Noted economist Pronab Sen said the move was another instance where the government was trying to address the supply side when the economy was crying for demand-side measures. 'This is unlikely to boost demand in the economy and spur growth,' he added.

N.R. Bhanumurthy of the National Institute of Public Finance and Policy said: 'The government needs to come out with more measures to encourage investment which would help in the economy getting back on track.'

Fiscal strain

The tax breaks - which were notified through a presidential ordinance issued later in the day - mean that the government will forego revenue worth Rs 1.45 lakh crore, which could put a fiscal strain on its finances.

A note prepared by the SBI's research team estimated that the fiscal deficit would expand by Rs 82,000 crore, roughly 0.4 per cent of the GDP, even after factoring in the recent transfer of the RBI's surplus funds to the Centre.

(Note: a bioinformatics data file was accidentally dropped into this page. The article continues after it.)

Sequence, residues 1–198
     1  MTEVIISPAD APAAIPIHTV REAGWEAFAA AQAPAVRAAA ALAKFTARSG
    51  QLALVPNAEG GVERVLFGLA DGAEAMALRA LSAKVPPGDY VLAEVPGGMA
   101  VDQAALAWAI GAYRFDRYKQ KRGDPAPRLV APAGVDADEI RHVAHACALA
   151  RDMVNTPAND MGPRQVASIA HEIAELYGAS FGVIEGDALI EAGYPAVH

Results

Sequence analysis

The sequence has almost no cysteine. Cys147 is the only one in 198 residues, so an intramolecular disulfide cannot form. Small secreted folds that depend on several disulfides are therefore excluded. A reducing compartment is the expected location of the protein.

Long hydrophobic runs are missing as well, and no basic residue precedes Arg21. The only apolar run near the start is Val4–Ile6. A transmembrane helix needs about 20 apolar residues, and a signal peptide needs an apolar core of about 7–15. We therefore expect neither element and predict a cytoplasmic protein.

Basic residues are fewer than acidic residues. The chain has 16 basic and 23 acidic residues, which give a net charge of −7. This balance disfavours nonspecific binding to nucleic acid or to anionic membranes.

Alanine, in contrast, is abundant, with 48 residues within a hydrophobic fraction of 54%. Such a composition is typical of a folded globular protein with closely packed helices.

The budget had put fiscal deficit at 3.3 per cent of the GDP. Economists at HDFC Bank, however, felt that the fiscal deficit could rise to as high as 4.1 per cent, forcing the government to borrow another Rs 1.5 lakh crore beyond the budgeted Rs 7.04 lakh crore.

Rating agency ICRA's chief economist, Aditi Nayar, said the government would have to slash expenditure if it wanted to put a lid on the fiscal deficit and rising bond yields. The 10-year bond rose 20 basis points to 6.8 per cent on Friday.

Sitharaman ducked questions about the fiscal deficit at her news conference.

Buyback break

The government also extended a tax break to companies that have announced share buybacks before July 5 -- the day Sitharaman had presented her budget.

Companies have been using the buyback route to return wealth to shareholders after the government had slapped a tax on dividend.

In July, the Modi government imposed a 20 per cent tax on share buybacks by listed companies. Both Wipro and Infosys have carried out large share buyback programmes this year and will benefit from the tax relief.